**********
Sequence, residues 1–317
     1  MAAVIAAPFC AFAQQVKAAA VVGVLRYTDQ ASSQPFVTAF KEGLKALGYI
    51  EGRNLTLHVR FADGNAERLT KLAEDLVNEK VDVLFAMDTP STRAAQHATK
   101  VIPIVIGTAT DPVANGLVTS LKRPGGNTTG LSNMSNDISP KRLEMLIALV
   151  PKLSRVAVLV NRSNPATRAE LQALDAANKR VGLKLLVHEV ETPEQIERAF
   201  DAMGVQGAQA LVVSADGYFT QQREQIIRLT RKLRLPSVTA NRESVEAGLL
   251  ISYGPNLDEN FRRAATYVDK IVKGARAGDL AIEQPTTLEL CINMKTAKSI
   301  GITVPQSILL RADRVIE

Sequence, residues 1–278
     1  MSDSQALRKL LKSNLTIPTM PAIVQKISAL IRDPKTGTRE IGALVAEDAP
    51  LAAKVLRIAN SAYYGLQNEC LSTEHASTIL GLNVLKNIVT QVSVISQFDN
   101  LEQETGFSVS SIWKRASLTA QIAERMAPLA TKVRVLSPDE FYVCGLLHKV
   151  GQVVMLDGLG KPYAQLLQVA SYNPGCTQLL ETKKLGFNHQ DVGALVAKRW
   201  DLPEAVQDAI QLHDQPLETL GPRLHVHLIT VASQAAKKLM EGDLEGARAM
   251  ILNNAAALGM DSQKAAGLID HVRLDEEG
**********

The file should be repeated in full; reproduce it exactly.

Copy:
Sequence, residues 1–317
     1  MAAVIAAPFC AFAQQVKAAA VVGVLRYTDQ ASSQPFVTAF KEGLKALGYI
    51  EGRNLTLHVR FADGNAERLT KLAEDLVNEK VDVLFAMDTP STRAAQHATK
   101  VIPIVIGTAT DPVANGLVTS LKRPGGNTTG LSNMSNDISP KRLEMLIALV
   151  PKLSRVAVLV NRSNPATRAE LQALDAANKR VGLKLLVHEV ETPEQIERAF
   201  DAMGVQGAQA LVVSADGYFT QQREQIIRLT RKLRLPSVTA NRESVEAGLL
   251  ISYGPNLDEN FRRAATYVDK IVKGARAGDL AIEQPTTLEL CINMKTAKSI
   301  GITVPQSILL RADRVIE

Sequence, residues 1–278
     1  MSDSQALRKL LKSNLTIPTM PAIVQKISAL IRDPKTGTRE IGALVAEDAP
    51  LAAKVLRIAN SAYYGLQNEC LSTEHASTIL GLNVLKNIVT QVSVISQFDN
   101  LEQETGFSVS SIWKRASLTA QIAERMAPLA TKVRVLSPDE FYVCGLLHKV
   151  GQVVMLDGLG KPYAQLLQVA SYNPGCTQLL ETKKLGFNHQ DVGALVAKRW
   201  DLPEAVQDAI QLHDQPLETL GPRLHVHLIT VASQAAKKLM EGDLEGARAM
   251  ILNNAAALGM DSQKAAGLID HVRLDEEG